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CivilComp Proceedings
ISSN 17593433 CCP: 83
PROCEEDINGS OF THE EIGHTH INTERNATIONAL CONFERENCE ON COMPUTATIONAL STRUCTURES TECHNOLOGY Edited by: B.H.V. Topping, G. Montero and R. Montenegro
Paper 187
Probabilistic Reliability Assessment of Structural Systems in the Computer Era V. Krivý^{1}, L. Václavek^{2}, P. Marek^{3} and J. Valihrach^{1}
^{1}Faculty of Civil Engineering,
V. Krivý, L. Václavek, P. Marek, J. Valihrach, "Probabilistic Reliability Assessment of Structural Systems in the Computer Era", in B.H.V. Topping, G. Montero, R. Montenegro, (Editors), "Proceedings of the Eighth International Conference on Computational Structures Technology", CivilComp Press, Stirlingshire, UK, Paper 187, 2006. doi:10.4203/ccp.83.187
Keywords: simulation based reliability assessment, stability, steel frames, probability, second order theory, analytical models, numerical models, reliability assessment.
Summary
The common approach to the stability assessment of structural steel components and
systems is based so far mainly on the conventional models using buckling lengths,
buckling coefficients, compressive strength and other characteristics. This paper is
concerned with an alternative reliability assessment of steel structures using the
probabilistic simulation based reliability assessment (SBRA) method documented in the book [1]. Advances in computer
technology make it possible to utilize the potential of the SBRA method not only for
the reliability assessment of simple structures and their components, but also for the
reliability assessment of more complex, statically indeterminate frame structures.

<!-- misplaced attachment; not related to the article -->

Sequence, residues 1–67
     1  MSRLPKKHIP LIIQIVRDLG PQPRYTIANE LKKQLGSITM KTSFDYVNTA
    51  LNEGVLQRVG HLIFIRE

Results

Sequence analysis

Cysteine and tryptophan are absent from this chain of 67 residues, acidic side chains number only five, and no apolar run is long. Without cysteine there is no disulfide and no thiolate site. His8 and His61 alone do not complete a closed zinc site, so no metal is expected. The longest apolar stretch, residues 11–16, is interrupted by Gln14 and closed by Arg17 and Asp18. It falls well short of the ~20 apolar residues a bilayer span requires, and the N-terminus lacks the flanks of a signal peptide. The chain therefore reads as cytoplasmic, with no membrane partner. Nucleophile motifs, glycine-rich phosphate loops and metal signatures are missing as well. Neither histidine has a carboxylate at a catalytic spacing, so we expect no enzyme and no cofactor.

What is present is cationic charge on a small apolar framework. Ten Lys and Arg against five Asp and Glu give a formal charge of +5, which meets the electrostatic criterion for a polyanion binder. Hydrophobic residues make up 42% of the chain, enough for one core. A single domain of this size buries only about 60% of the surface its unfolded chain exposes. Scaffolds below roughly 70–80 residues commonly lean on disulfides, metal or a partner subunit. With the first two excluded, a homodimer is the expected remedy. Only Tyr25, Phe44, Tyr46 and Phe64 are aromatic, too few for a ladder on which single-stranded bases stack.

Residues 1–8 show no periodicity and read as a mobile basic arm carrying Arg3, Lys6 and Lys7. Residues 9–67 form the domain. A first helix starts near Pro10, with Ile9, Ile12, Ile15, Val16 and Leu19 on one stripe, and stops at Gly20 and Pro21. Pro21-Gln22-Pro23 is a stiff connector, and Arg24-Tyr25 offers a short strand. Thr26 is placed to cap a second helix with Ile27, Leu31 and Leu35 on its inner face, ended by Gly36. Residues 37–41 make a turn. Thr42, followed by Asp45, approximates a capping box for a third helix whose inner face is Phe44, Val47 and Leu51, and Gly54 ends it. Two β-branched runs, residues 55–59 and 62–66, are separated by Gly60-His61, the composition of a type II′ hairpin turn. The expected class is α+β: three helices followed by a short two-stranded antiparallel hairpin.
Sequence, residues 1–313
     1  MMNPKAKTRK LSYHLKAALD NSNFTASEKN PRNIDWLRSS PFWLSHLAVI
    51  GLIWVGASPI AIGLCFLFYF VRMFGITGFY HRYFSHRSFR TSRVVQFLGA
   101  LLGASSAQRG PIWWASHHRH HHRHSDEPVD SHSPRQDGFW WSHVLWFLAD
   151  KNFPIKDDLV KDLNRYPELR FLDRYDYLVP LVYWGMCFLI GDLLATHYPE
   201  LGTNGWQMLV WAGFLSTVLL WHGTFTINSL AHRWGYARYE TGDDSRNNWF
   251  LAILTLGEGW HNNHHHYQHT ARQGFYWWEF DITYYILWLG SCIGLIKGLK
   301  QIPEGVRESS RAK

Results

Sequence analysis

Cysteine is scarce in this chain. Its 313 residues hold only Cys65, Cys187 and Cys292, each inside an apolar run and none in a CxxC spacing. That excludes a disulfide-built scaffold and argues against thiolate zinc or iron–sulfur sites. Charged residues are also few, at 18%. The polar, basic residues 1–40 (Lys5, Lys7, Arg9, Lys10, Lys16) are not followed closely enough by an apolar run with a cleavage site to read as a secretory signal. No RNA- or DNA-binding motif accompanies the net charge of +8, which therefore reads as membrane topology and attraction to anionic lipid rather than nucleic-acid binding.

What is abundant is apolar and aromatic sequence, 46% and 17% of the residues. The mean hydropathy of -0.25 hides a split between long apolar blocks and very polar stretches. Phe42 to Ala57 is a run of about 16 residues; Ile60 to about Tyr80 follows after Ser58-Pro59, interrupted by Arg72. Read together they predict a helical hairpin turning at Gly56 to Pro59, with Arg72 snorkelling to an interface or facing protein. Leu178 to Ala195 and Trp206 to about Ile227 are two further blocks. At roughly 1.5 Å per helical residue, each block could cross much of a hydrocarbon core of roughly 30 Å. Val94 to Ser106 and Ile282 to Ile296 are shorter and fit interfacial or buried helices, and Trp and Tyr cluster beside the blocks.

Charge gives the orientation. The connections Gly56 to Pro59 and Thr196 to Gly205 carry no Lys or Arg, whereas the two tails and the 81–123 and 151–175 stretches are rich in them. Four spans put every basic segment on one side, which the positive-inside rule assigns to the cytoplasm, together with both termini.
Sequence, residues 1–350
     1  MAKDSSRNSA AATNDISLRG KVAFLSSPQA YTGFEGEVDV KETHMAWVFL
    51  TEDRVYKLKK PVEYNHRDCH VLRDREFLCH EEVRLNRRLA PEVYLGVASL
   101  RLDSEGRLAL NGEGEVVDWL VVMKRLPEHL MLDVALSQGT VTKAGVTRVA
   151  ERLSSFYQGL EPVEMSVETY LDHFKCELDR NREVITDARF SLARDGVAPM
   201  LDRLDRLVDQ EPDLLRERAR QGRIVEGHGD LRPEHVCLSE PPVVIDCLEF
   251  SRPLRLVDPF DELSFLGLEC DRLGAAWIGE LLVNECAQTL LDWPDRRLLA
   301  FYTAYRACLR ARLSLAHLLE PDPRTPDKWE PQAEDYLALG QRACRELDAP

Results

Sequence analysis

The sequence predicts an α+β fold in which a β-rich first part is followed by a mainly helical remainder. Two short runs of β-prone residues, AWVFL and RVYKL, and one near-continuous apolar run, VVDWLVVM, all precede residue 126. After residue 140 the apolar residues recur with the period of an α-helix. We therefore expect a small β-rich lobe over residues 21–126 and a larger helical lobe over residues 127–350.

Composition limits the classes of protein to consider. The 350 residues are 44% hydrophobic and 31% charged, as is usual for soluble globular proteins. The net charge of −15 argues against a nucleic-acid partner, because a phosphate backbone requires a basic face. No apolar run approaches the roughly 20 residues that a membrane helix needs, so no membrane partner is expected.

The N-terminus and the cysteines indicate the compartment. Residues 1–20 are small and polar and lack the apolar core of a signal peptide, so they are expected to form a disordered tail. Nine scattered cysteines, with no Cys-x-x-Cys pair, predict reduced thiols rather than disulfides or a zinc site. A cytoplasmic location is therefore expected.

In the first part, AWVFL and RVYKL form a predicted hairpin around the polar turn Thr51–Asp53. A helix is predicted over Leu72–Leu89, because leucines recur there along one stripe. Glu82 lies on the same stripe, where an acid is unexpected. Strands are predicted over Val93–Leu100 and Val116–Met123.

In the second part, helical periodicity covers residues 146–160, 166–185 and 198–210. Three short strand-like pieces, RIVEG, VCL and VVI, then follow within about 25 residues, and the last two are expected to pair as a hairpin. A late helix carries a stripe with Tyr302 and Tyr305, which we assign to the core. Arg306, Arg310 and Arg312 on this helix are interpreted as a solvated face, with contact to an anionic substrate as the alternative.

In connection with the transition to a probabilistic reliability assessment of systems, it is necessary to select appropriate reference values, which serve to define the resistance limits applied in the calculation of the probability of failure of the structure and its components. Next, it is necessary to evaluate the suitability of particular transformation models serving as tools to transform the loading into the response of the structure to the load with regard to the substance of stochastic methods. The character and the interaction of imperfections should be also considered and evaluated with regard to the applied transformation model. In this connection attention is paid to the transition from the traditional assessment of buckling strength in compliance with contemporary standards [2,3] (based on determining buckling lengths and buckling factors) to the SBRA based strength stability concept applying the second order theory. A fully probabilistic approach to safety and serviceability assessment of a structural system is demonstrated next using two pilot examples: (a) a planar unbraced steel frame with leaning columns, and (b) a planar sixstory two bay steel frame. The main principles concerning the SBRA reliability assessment of steel frame structures are briefly explained in Section 2 of the paper using an example of the planar unbraced steel frame with leaning columns. The safety and serviceability assessment of the frame is performed, whereas an analytical transformation model applying the second order theory is used. A major part of the input variables (including loadings, temperature differences, imperfections, cross section characteristics and material properties) are considered by using random variables to represent compliance with the SBRA method by corresponding histograms. In this example, an analytical model was used to calculate the response of the structure to the loading. Such models are very useful to explain the main principles concerning the probabilistic reliability assessment and to demonstrate the potential of SBRA method but the analytical methods can not be generally used to solve more complex frame structures. It is necessary to deal with the possibility of interconnecting the probabilistic approaches with the numerical models of the structural analysis. These problems are described and discussed in Section 3 of the paper using an example of the probabilistic reliability assessment of a fourstory three bay moment resisting steel frame. The results of safety and serviceability assessment are expressed using a plot of "probability of failure curves". To enable a visual control of structural analysis, the scatter of resulting internal forces and bending moments can be illustrated using the set of dots, so called "ants", corresponding to the random combinations of the input variables. The results were obtained using the MCD 1.0 computer program [4]. Additionally, a comparative study was performed, comparing two different support models of the frame. The results show the advantage of the curves approach, which allows easy identification of critical points in the structure design and thus enables both quick and easy comparison of different design alternatives. References
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